But Bontecou seemed to enjoy that, in particular not having the pressure of having to show with a gallery. In her 2009 oral history, she said, “It was really neat. That was one reason for teaching … was to be free of all that. … And so I didn’t have to contend—and Morris [Dorsky] used to stomp in and say, ‘Why aren’t you showing,’ and all this stuff, and I would say, ‘Oh, Morris, go away.’”
But, after a health scare in the early 2000s, Bontecou agreed to participate in the planning of a major traveling retrospective that was curated by Elizabeth A.T. Smith, who had previously organized a survey of her work in the 1990s at the Museum of Contemporary Art in Los Angeles, and Ann Philbin, the director of the Hammer Museum in Los Angeles. Smith’s retrospective opened at the Hammer in 2003, before making stops at the Museum of Contemporary Art, Chicago and MoMA.
The exhibition, which also included work that Bontecou had made in the ensuing 30 years and not previously exhibited, brought renewed attention to Bontecou’s work, bringing her work back to the fore, which in the nearly two decades since has inspired countless artists.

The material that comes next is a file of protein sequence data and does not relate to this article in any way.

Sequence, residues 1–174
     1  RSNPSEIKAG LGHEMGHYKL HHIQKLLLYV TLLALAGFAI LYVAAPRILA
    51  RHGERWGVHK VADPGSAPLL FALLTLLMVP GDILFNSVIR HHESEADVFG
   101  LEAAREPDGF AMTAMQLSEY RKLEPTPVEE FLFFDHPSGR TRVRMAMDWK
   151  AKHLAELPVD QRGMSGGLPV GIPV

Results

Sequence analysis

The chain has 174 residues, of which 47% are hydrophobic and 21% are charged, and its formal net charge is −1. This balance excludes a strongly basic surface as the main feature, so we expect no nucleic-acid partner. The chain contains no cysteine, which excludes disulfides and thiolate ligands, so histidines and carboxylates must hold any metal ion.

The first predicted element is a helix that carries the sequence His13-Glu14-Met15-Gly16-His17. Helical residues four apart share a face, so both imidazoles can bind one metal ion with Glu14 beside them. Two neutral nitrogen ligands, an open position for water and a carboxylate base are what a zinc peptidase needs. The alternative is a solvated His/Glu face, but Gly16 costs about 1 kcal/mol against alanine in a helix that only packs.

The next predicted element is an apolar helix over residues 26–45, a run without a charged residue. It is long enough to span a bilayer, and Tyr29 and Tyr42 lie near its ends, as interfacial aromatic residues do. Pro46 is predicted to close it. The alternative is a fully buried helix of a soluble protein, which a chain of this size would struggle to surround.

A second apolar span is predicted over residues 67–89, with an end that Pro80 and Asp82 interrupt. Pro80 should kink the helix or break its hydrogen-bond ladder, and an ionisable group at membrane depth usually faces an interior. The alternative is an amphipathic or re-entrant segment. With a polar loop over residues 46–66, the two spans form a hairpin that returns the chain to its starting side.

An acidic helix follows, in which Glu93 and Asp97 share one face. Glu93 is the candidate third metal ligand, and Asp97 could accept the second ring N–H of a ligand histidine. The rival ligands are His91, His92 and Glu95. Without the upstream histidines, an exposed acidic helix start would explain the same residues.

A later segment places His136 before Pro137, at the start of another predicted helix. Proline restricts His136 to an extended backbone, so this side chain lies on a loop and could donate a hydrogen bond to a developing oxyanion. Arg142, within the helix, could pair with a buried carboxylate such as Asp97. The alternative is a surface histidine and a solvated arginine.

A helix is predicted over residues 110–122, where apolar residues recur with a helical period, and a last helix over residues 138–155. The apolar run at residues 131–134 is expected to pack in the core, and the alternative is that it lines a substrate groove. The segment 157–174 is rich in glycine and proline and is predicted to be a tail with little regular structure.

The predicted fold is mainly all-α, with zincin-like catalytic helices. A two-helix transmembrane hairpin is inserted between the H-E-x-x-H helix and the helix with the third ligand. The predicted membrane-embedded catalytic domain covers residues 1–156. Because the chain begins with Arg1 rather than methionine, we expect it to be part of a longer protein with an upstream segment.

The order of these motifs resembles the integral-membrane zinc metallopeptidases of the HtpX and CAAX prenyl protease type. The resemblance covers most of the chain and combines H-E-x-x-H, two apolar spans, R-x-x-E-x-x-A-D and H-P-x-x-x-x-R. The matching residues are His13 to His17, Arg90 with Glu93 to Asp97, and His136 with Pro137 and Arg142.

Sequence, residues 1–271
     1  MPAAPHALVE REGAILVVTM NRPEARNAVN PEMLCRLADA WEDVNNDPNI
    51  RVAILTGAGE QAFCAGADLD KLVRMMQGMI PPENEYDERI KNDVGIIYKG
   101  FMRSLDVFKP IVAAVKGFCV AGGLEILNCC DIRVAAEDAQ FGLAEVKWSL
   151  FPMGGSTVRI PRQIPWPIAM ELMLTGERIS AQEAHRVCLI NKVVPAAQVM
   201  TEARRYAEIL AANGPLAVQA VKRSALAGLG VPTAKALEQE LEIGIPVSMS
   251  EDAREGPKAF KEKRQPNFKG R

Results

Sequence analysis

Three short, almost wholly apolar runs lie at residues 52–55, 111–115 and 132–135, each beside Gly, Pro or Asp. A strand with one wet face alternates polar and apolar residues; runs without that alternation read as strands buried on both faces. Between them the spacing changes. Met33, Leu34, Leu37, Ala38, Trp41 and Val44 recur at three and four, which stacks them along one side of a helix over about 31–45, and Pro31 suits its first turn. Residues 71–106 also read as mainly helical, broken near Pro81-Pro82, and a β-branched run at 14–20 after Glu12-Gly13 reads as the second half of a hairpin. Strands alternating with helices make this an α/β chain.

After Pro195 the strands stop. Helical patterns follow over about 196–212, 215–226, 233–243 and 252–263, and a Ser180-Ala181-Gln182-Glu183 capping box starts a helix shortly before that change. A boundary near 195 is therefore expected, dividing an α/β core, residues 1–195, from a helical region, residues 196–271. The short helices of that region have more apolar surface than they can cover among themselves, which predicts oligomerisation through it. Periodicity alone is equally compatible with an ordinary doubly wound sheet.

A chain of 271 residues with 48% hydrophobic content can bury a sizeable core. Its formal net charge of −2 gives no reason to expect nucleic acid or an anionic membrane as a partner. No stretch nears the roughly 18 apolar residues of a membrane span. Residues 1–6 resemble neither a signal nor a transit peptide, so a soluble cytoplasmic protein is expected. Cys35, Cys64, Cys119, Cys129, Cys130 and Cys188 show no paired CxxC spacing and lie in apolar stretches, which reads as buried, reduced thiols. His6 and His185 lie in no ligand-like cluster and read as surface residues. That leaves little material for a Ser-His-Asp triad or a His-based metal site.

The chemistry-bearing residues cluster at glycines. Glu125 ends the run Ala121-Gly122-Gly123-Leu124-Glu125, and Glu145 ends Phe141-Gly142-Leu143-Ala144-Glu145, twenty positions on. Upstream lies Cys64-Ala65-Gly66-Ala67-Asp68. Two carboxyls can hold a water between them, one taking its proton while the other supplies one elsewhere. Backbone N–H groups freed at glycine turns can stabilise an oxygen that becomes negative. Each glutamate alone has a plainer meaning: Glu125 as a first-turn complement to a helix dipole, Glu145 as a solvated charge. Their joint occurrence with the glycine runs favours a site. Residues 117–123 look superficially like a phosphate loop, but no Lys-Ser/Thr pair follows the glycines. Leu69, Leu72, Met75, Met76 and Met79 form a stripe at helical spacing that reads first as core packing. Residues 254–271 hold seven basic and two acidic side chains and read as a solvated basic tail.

“When [Bontecou] opened the barn door to her studio it was truly one of the most shocking and thrilling moments of my life,” Philbin told ARTnews in an email. “The barn was brimming with the 30 years of extraordinary work she had made in her self-imposed isolation. Rooted in nature and her own powerful imagination, Lee’s sculptures and drawings are fierce, gorgeous, and utterly unique. Despite her determination to remain outside of the mainstream she stands out as one of the most important artists of her time.”
And though, Bontecou’s art may have directly referenced the world as she saw it around her, she never wanted to strictly define what it was about. That was up to the viewer. As she told the Chicago Reader when asked, “Do people ever ask you, ‘What does this mean?’ What do you say?”, she coolly replied, “I don’t answer at all. It’s what you see in it. What I see in it is something else. I don’t get caught up in that.”